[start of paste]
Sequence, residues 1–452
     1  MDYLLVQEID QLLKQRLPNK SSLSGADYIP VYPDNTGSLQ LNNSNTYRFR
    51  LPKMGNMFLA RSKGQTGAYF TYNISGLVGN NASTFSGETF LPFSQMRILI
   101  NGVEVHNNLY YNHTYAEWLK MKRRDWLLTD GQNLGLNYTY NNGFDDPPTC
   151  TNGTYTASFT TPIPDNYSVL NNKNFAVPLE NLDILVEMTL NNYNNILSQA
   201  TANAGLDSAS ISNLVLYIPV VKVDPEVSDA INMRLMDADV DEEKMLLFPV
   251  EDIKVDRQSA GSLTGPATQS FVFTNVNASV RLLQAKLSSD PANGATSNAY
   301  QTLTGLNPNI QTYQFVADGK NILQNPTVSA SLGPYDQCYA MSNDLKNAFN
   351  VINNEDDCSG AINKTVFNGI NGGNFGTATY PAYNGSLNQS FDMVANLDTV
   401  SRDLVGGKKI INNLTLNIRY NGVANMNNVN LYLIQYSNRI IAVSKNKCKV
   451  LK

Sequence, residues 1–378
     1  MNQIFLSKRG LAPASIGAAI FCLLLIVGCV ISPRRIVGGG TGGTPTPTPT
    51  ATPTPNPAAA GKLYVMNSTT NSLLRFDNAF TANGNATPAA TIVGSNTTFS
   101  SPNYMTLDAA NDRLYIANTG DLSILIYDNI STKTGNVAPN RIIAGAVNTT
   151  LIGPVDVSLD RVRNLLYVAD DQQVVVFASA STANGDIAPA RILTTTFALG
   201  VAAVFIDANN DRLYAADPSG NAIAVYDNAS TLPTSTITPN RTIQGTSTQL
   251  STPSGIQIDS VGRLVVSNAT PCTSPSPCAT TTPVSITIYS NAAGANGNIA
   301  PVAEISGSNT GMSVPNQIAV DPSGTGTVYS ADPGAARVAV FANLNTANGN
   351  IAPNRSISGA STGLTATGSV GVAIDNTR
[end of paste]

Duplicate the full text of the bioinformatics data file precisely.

Sequence, residues 1–452
     1  MDYLLVQEID QLLKQRLPNK SSLSGADYIP VYPDNTGSLQ LNNSNTYRFR
    51  LPKMGNMFLA RSKGQTGAYF TYNISGLVGN NASTFSGETF LPFSQMRILI
   101  NGVEVHNNLY YNHTYAEWLK MKRRDWLLTD GQNLGLNYTY NNGFDDPPTC
   151  TNGTYTASFT TPIPDNYSVL NNKNFAVPLE NLDILVEMTL NNYNNILSQA
   201  TANAGLDSAS ISNLVLYIPV VKVDPEVSDA INMRLMDADV DEEKMLLFPV
   251  EDIKVDRQSA GSLTGPATQS FVFTNVNASV RLLQAKLSSD PANGATSNAY
   301  QTLTGLNPNI QTYQFVADGK NILQNPTVSA SLGPYDQCYA MSNDLKNAFN
   351  VINNEDDCSG AINKTVFNGI NGGNFGTATY PAYNGSLNQS FDMVANLDTV
   401  SRDLVGGKKI INNLTLNIRY NGVANMNNVN LYLIQYSNRI IAVSKNKCKV
   451  LK

Sequence, residues 1–378
     1  MNQIFLSKRG LAPASIGAAI FCLLLIVGCV ISPRRIVGGG TGGTPTPTPT
    51  ATPTPNPAAA GKLYVMNSTT NSLLRFDNAF TANGNATPAA TIVGSNTTFS
   101  SPNYMTLDAA NDRLYIANTG DLSILIYDNI STKTGNVAPN RIIAGAVNTT
   151  LIGPVDVSLD RVRNLLYVAD DQQVVVFASA STANGDIAPA RILTTTFALG
   201  VAAVFIDANN DRLYAADPSG NAIAVYDNAS TLPTSTITPN RTIQGTSTQL
   251  STPSGIQIDS VGRLVVSNAT PCTSPSPCAT TTPVSITIYS NAAGANGNIA
   301  PVAEISGSNT GMSVPNQIAV DPSGTGTVYS ADPGAARVAV FANLNTANGN
   351  IAPNRSISGA STGLTATGSV GVAIDNTR